# Chicago's Sears Tower

• Jan 10th 2007, 02:04 PM
symmetry
Chicago's Sears Tower
The tallest building in the world is the Sears Tower in the city of Chicago. If the observation tower is 1450 feet above the ground, how far can a person see standing in the observation tower using the fact Earth's radius is 3960 miles?

NOTE: 1 mile = 5280 feet.
• Jan 10th 2007, 02:42 PM
galactus
The Sear's tower is 1450/5280 miles tall.

You have a triangle. Use Pythagoras.

3960+(1450/5280)=3960+(145/528)=2091025/528

$\sqrt{(\frac{2091025}{528})^{2}-3960^{2}}=\frac{455\cdot\sqrt{2929}}{528}\approx{4 6.64} \;\ miles$
• Jan 10th 2007, 04:47 PM
symmetry
ok
In other words, we have a right triangle where one leg = 1450 and the other leg = 5280. I would need to find c = hypotenuse, right?
• Jan 10th 2007, 10:16 PM
Soroban
Hello, symmetry!

You need a better diagram . . .

Quote:

The tallest building in the world is the Sears Tower in the city of Chicago.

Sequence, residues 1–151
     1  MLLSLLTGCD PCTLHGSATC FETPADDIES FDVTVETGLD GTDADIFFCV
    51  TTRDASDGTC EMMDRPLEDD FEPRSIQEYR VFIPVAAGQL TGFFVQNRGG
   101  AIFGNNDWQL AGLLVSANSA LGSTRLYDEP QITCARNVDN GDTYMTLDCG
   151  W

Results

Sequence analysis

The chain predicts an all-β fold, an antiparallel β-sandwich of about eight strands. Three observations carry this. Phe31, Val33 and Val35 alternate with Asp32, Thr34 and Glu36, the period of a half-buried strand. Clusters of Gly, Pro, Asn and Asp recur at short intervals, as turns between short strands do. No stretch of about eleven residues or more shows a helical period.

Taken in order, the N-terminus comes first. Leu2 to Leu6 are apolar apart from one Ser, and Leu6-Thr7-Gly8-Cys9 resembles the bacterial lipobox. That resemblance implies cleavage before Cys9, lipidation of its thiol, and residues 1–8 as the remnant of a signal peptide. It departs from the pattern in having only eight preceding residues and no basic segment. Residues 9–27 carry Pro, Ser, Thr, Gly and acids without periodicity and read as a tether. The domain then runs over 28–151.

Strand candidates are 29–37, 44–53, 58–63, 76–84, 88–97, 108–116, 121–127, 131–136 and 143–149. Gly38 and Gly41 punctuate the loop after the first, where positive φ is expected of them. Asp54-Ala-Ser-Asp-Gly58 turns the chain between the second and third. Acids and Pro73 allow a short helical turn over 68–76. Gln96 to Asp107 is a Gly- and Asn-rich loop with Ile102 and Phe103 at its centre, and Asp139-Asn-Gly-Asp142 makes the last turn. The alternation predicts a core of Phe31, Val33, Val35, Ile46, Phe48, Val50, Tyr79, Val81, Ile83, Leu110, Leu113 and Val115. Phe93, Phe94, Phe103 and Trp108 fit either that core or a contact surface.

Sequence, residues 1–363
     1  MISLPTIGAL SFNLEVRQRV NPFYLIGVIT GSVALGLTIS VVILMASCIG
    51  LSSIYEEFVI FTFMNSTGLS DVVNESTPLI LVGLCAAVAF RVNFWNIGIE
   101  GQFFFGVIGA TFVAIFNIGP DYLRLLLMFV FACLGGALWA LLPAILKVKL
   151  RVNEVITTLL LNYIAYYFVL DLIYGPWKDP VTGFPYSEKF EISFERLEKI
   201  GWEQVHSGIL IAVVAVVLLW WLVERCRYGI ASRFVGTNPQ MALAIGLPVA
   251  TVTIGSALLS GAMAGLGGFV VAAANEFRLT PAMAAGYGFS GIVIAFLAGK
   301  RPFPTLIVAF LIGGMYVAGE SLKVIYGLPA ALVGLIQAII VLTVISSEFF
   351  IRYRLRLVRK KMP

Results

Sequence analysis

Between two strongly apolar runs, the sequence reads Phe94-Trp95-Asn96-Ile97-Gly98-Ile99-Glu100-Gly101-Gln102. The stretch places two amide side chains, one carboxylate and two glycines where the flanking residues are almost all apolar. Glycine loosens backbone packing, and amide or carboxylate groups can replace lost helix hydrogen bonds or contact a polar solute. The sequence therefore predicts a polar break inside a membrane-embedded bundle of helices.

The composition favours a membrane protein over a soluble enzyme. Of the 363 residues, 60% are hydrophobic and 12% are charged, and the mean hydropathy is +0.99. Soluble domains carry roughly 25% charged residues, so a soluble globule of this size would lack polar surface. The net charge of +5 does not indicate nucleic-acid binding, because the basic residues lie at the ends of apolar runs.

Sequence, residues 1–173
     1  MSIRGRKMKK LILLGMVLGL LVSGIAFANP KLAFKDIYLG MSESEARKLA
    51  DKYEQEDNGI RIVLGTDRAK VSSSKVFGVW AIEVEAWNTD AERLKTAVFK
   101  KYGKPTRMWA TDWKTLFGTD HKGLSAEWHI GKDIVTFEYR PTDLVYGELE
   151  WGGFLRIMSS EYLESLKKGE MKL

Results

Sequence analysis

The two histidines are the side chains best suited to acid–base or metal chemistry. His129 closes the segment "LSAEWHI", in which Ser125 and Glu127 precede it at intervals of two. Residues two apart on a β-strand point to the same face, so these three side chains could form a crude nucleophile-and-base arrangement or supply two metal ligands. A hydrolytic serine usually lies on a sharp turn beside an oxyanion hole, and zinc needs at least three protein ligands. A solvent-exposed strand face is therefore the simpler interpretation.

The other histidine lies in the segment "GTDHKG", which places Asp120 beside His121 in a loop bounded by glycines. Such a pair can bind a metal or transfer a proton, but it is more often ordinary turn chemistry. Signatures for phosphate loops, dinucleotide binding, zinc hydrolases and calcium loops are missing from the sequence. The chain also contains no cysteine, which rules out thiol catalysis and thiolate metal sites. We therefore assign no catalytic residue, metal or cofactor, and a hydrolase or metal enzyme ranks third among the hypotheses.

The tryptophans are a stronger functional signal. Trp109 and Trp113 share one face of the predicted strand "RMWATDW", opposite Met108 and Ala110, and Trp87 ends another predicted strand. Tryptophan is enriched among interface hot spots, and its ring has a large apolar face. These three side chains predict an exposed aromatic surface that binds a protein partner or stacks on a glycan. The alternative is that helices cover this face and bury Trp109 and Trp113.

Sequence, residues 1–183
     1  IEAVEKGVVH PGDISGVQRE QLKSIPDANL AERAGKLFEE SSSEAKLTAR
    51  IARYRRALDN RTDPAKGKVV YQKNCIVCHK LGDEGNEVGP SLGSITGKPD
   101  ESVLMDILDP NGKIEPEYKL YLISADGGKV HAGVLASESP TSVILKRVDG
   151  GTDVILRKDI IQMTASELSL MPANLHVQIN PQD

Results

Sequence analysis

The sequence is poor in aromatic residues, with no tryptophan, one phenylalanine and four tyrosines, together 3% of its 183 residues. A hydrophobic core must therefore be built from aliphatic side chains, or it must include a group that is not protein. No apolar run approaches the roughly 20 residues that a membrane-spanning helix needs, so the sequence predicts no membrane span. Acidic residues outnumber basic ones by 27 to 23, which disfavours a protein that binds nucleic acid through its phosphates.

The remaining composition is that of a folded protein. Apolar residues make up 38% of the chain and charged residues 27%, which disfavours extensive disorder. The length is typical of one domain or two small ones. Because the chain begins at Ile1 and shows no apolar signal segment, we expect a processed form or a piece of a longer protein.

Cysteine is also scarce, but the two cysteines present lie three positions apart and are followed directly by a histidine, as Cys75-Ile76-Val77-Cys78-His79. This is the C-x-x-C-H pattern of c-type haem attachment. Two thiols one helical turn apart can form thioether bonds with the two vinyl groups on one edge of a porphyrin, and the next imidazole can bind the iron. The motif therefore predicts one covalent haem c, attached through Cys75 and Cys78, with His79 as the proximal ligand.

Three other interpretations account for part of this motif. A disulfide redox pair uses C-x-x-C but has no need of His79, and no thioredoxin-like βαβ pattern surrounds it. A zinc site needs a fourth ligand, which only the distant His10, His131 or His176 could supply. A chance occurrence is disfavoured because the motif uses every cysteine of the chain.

If the observation tower is 1450 feet above the ground,
how far can a person see standing in the observation tower
using the fact that Earth's radius is 3960 miles?

Code:

                *                 | \               h|  \                 |    \d               * * *    \         *      |      *       *        |      /*       *        R|    /  *                 |  / R     *          | /        *     *          *          *     *                    *       *                  *       *                *         *            *               * * *

The height of the tower is $h.$
The radius of the earth is $R.$
The distance from the top of the tower to the horizon is $d.$
$d$ and $R$ form a right angle.

From the right triangle: . $d^2 + R^2\:=\:(h + R)^2$
. . which simplifies to: . $d^2\:=\:2Rh + h^2\:=\:h(2R + h)$ [1]

We are told that: . $R = 3960$ and $h = \frac{1450}{5280} = \frac{145}{528}$

Substitute into [1]: . $d^2\:=\:\frac{145}{5287}\left(2\cdot3960 + \frac{145}{528}\right) \:=\:2175.075417$

Therefore: . $d \:\approx\:46.63$ miles.

• Jan 10th 2007, 10:34 PM
CaptainBlack
Quote:

Originally Posted by symmetry
In other words, we have a right triangle where one leg = 1450 and the other leg = 5280. I would need to find c = hypotenuse, right?

What you need here is a diagram, see below

RonL
• Jan 11th 2007, 03:35 AM
symmetry
ok
I want to thank everyone who took time out to answer this question, especially soroban and captainblack for their excellent diagrams of the Earth and triangle.

A job well-done!

I fully understand this question now.

Thanks!